The Grand Tour
A remarkable & hugely ambitious project, taking Magnum photographer Carl De Keyzer on a 60 night tour
The Democratic People’s Republic of Korea (North Korea) is one of the hardest places in the world to photograph. Tourists have to follow strict guidelines and photographers are not allowed to go on professional trips. Taking De Keyzer in on an approved photographic tour allowed him a unique view of almost everything there is to see as a foreign visitor to the DPRK, giving outsiders the opportunity to see the country through the lens of a globally renowned multi award-winning photographer.
With more than two decades of experience in the DPRK and trusting relationships, we were able to convince the North Koreans that this would be a worthwhile project. Because of De Keyzer’s partnership with Koryo and because both parties were upfront about the aims of the trip from the beginning, he was allowed the time and space to properly observe the places he visited.
Photographer Carl De Keyzer was on a 60 night tour to every single one of North Korea’s provinces, making him the first Western photographer to ever do so. The photographs were for Koryo’s dedicated DPRK-travel website (koryotours.com), as well as his own portfolio. The work was shown publicly for the first time in summer 2017, at American University Museum, Washington, accompanied by his book D.P.R. Korea: Grand Tour.
Limited Edition Prints of 42 x 59.4 cm for 350 EUR
Tower of the Juche Idea
Local guide and expert of the Pyongyang skyline in traditional Korean dress.
Tower of the Juche Idea
Pyongyang citizens practice for a mass rally beneath the Tower of the Juche Idea, Pyongyang. Such rallies can involve tens of thousands of people, and take significant time and energy to plan, practice, and coordinate.
Tower of the Juche Idea
View of East Pyongyang — home of many of the city’s universities and hospitals — from the Tower of the Juche Idea. The red words in the foreground say ‘one heart’, and form half of a slogan reading ‘single-hearted unity’. The hammer, sickle, and writing bush of the Party Foundation Monument can be seen in the left background.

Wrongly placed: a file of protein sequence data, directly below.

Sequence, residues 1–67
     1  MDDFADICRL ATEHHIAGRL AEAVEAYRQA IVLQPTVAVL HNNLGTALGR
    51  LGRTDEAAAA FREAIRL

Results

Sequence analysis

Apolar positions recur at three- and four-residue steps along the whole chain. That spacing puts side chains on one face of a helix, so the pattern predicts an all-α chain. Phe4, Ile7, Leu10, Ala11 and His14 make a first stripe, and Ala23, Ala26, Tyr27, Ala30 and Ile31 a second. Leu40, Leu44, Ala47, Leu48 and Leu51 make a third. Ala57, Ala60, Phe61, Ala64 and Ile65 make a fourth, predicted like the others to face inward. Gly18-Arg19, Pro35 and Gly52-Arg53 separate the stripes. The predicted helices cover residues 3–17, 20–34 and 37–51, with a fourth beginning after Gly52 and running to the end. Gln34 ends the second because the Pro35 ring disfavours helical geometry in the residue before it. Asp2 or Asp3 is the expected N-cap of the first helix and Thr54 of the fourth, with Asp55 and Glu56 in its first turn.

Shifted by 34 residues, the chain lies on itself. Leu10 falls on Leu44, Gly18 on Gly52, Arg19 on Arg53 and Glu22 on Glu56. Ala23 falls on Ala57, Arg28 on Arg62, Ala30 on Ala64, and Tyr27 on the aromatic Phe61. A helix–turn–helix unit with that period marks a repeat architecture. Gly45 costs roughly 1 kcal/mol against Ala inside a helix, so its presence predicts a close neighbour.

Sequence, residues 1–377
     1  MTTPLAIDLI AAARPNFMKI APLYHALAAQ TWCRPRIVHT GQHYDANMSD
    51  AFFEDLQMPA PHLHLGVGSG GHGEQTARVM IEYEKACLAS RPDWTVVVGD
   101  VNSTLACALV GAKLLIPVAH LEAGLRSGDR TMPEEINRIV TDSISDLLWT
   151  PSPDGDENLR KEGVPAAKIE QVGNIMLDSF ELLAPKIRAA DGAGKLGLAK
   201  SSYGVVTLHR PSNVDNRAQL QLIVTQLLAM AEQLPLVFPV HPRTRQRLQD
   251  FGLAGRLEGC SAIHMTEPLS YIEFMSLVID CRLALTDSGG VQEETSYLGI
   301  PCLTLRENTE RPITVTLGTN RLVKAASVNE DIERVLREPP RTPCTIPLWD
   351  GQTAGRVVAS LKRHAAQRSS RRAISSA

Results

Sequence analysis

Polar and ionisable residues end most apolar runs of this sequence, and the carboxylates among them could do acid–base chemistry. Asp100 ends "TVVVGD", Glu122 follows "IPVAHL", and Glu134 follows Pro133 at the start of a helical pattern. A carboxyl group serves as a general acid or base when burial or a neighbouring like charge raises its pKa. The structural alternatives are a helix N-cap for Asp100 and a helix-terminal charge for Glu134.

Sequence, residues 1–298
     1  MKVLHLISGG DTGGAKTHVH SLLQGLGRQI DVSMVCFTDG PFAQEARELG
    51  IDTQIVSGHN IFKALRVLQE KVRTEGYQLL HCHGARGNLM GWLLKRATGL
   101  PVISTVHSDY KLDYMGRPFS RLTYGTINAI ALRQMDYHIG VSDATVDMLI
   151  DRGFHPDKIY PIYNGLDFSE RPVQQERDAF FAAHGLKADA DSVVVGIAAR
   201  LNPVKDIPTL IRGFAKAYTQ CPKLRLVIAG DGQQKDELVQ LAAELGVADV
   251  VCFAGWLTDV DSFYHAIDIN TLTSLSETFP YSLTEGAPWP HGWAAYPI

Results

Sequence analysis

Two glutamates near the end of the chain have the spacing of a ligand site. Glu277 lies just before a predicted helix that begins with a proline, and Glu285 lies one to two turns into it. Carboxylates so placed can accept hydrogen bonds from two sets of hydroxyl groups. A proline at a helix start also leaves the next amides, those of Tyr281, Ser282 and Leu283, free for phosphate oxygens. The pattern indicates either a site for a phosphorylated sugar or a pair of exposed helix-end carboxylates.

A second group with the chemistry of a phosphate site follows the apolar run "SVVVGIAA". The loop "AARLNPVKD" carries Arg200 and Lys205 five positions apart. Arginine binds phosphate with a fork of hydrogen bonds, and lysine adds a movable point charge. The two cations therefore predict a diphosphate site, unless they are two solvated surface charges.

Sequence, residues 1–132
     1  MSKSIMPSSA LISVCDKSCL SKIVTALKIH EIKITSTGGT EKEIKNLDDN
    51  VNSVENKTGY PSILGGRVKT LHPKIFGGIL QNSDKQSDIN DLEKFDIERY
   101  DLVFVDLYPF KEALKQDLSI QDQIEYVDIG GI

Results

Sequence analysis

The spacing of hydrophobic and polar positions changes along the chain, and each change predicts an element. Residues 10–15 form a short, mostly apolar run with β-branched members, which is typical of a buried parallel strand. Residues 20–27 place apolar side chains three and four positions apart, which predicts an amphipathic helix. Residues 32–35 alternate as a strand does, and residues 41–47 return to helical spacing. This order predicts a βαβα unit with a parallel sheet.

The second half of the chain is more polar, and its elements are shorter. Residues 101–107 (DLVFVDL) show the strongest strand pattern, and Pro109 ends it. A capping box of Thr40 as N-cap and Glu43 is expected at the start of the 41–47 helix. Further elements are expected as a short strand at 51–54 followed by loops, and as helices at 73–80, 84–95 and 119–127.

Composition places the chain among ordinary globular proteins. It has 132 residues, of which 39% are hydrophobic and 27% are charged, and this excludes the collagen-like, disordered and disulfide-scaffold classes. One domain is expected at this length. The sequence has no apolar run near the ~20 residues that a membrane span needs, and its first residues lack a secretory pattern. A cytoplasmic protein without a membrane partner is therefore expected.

Rehabilitation Metro Station
Entrance to Rehabilitation Metro Station, Pyongyang. The Pyongyang metro is one of the deepest systems in the world and is made up of two lines with 16 stations.
Lake Chon, or Heaven Lake, sits in the massive caldera of Mt. Paekdu, Ryanggang Province.
A trolley-bus attendant; Chongjin, North Hamgyong Province. While the number of automobiles, including taxis, has increased in recent years, city dwellers make extensive use of public transportation.
A metro attendant signals the all clear; Pyongyang. The city’s older metro cars were originally imported from West Berlin. Today, domestically produced cars are being introduced.
Children’s Day (1 June)
Rungna Islet. International Children’s Day.
Science and Technology Complex
Students pay their respects to a portrait of President Kim Il Sung and General Kim Jong Il.
Chonsam-ri Cooperative Farm
Farm children transplant rice seedlings into a paddy field in the spring; Chonsam-ri Cooperative Farm, Kangwon Province. Rice transplanting is a major annual task and city dwellers are called upon to provide supplemental labour during one of the busiest times of the year on the farm.
Party foundation day celebrations.
Rodong Sinmun, the official paper of the Korean Workers’ Party, on display in the metro; Pyongyang. It has the largest circulation in the country. Other newspapers include the Pyongyang News, Sports New, and Children’s Union News.
Metro staff wipe down a car Pyongyang. The metro is closed two days a month for full-scale maintenance.
A train arriving at one of the smaller metro stations in Pyongyang. The capital’s larger metro stations are reminiscent of the Moscow Subway with their elaborate interiors of chandeliers, mosaics, and ornate columns. Smaller stations are more modest, but nevertheless have their own unique mosaics, and often accompanying bronze work.
Student-organized mass dance at the Indoor Stadium, Pyongyang. Usually held on holidays, mass dances take place at locations around Pyongyang and other cities, and can have anywhere from a few hundred to a few thousand participants. Foreigner visitors are often encouraged to join in.
Tongbong Cooperative Farm
Farm store at Tongbong Cooperative Farm, South Hamgyong Province. The farm store sells homewares, school supplies, and farm-grown produce.
Changgwangwon Health Complex
Swimming lessons; Changgwangwon Health Complex, Pyongyang. There is a yearly swimming competition across the Taedong River, which bisects the capital.
April 25th House of Culture
Father and son sit down for a rest in front of the April 25th House of Culture; Pyongyang. April 25th is the founding date of the Korean People’s Army, and the enormous structure is used for important military and political meetings, as well as performances.
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